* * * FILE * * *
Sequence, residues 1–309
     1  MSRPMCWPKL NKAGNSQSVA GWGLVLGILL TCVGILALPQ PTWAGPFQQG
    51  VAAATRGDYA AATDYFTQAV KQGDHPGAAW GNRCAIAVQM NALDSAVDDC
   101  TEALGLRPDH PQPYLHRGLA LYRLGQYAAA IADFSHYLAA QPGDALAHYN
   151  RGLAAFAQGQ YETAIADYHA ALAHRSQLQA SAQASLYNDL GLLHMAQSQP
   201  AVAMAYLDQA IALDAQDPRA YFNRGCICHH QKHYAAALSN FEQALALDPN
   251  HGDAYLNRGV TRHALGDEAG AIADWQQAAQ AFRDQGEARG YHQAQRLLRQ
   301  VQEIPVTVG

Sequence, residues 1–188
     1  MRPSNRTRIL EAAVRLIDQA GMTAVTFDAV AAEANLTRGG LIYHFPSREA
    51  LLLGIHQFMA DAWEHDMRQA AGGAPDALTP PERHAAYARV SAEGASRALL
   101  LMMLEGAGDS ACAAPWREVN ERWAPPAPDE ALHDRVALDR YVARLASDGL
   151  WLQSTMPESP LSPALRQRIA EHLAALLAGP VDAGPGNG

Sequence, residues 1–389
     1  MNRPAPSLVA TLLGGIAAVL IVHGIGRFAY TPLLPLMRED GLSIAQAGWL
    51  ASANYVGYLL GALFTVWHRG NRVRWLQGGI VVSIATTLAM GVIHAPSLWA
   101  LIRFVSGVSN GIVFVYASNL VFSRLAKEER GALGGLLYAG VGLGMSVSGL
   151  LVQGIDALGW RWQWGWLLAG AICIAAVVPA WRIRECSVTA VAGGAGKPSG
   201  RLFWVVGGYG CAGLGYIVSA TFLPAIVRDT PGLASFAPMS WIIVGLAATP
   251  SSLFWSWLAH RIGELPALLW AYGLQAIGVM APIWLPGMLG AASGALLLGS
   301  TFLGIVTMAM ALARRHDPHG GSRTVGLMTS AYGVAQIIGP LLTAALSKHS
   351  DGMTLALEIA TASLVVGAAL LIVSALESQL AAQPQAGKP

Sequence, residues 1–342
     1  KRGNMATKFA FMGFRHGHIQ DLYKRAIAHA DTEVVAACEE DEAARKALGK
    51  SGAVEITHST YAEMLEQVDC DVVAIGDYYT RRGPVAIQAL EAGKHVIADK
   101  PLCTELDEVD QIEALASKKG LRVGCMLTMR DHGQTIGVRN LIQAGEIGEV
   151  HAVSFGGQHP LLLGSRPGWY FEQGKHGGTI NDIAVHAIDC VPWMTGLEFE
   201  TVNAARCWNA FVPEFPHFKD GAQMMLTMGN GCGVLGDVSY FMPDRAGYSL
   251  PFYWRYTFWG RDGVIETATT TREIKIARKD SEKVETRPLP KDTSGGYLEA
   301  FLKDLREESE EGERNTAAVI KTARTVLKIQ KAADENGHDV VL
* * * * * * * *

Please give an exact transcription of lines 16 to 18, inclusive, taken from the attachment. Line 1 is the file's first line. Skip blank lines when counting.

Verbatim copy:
    51  ASANYVGYLL GALFTVWHRG NRVRWLQGGI VVSIATTLAM GVIHAPSLWA
   101  LIRFVSGVSN GIVFVYASNL VFSRLAKEER GALGGLLYAG VGLGMSVSGL
   151  LVQGIDALGW RWQWGWLLAG AICIAAVVPA WRIRECSVTA VAGGAGKPSG